|Pragmatic Guide to Git, by Travis Swicegood. Pragmatic Bookshelf, 2010.
I'm using git for the first time on a small project with a friend, and wanted a quick focused handbook to help with that. This book fills that bill. The guts of the book is a series of short descriptions, followed by concrete sets of commands to demonstrate how to make that work. Most of the time, the command reference has just what I'm looking for. (I've still got some blind spots on the tool but I won't blame the book for that; now that I have a little experience, I'll go back through some of the more expository material.)
|This is a one-page summary of basic terms and processes for configuration management, suitable for an agile team.|
Also available in a Microsoft Word verion (.doc).
|A ratchet is a mechanism for locking in progress. Frequent builds and regression tests represent ratchets for development.|
A Short History of a Well
Imagine a well: a fairly deep hole in the ground, with water at the bottom. Without a lot more digging, it's too hard to get down to the water. So early on, two technologies came together: a bucket and a rope. You can lower the bucket down to the water, and pull it up. (I suspect it didn't take long to realize that you probably want to tie the other end to a tree.)
Water is fairly heavy: a bit more than 8 pounds per gallon. ("A pint's a pound the world around," my mother taught me, as both are 16 ounces; but it's a good approximation for weight too.) Some random internet site gives me the statistic: 243 gallons/day for an average US family of four. That'd be a lot of water to haul up by hand.
So another technology can help. Imagine a typical wishing well: one end of the rope is tied to a bar, and the bar is attached to a crank. By turning the crank, the rope wraps around the bar, and the bucket is pulled up. The crank gives us leverage: we pull up the bucket more slowly, but we can lift a heavier weight.
This is great, but after you've done it for a while you realize there's another problem: if you get tired halfway through, you can't really stop. Sure, you can stop cranking, but you have to hold the lever in place. I'm sure someone rigged up a rope to hold the crank handle in place. But someone asked, "What if we could make a wheel that only turned in one direction?"
A ratchet is such a device. It looks something like this:
The part at the top is called a pawl. The pawl can swing around (though one end is fixed). The teeth on the gear are tilted so that the pawl will slip over the sloped side when the crank is turned clockwise, but the pawl will hold the gear in place if it tries to go counter-clockwise. (To let the bucket back down, you knock the pawl out of the way.)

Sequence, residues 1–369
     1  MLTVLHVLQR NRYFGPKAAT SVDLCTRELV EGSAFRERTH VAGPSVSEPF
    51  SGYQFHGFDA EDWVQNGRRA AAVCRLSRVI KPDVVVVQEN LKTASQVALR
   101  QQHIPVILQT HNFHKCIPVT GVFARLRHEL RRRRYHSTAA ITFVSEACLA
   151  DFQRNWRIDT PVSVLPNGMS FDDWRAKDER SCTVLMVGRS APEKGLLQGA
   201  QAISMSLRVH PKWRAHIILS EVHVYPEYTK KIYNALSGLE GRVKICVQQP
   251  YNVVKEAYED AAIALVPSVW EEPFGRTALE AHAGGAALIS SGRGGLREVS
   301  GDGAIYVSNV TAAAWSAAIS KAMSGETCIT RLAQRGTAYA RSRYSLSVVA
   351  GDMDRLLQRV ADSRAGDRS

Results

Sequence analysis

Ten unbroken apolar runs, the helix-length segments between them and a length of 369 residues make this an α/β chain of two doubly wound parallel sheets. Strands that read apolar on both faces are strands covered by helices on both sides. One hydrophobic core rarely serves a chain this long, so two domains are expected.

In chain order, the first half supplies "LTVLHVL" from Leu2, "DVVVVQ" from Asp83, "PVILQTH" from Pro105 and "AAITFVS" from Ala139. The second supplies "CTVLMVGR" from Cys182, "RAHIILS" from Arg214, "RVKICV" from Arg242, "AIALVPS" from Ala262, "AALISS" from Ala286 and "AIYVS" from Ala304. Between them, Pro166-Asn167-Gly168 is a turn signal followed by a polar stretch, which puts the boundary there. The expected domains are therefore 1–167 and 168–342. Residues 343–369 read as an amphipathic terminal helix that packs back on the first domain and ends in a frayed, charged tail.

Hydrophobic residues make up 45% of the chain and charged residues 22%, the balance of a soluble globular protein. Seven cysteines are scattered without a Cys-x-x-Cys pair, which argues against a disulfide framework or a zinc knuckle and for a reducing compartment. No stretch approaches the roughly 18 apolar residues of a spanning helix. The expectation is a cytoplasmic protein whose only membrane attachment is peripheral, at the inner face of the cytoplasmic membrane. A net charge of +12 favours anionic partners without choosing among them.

This is a great idea. It may take a lot of work to make progress, but once you do, the ratchet locks it in. If you get tired or distracted, it's ok: you won't lose what you've previously accomplished.
The Build Ratchet
It's notoriously hard to assess progress in software development. (There's an old saying, "It's 90% done; now I just have to do the other 90%.") One reason is that it's hard to know that your code will work with that of other people. It's very easy to get out of sync with what other people have done.
Frequent builds help with this problem. A build and smoke test helps guard against simple integration problems. It doesn't catch everything, but does detect where things are so incompatible they don't compile, or where the system compiled but fails the most obvious test.
The new mantra becomes "don't break the build." When the build is broken, it's the team's highest priority to fix it. Successful teams often treat this as "all hands on deck." The fix may be as simple as reverting the last checkin or it may be a more complicated negotiation. The important thing is to not let things get any worse.
What does it ask of developers?
- Don't check in partial changes, unless it's done in a way that doesn't cause problems. (For example, adding a new class is probably not a problem. But if you change a call interface, you need to check in the updated callers as well.)
- Check in daily (or more). If each developer keeps their files checked out all month, we aren't resolving integration problems any sooner. (And if you check in before going home each day, you'll have even fewer problems.)
- Merge often. Pick up the changes from the mainline into your sandbox while you're working. Before you check in, merge to the latest checked-in version.
Frequent builds (along with the discipline to fix the problems that arise) act as a ratchet: each integration problem is fixed, and the system grows.
The Test Suite Ratchet
A build and smoke test guards against simple integration problems–- what was last changed doesn't break the build and passes a simple test. The next step is to maintain a full suite of tests (including system tests, regression tests, and so on). This suite should ideally test all areas of the application.
The new rule becomes "don't regress." The team regards any change that breaks an existing test as suspect, and makes it the highest priority to fix this. (As before, the fix may be as simple as "revert the last checkin.")
There are basically four reasons why a test may fail: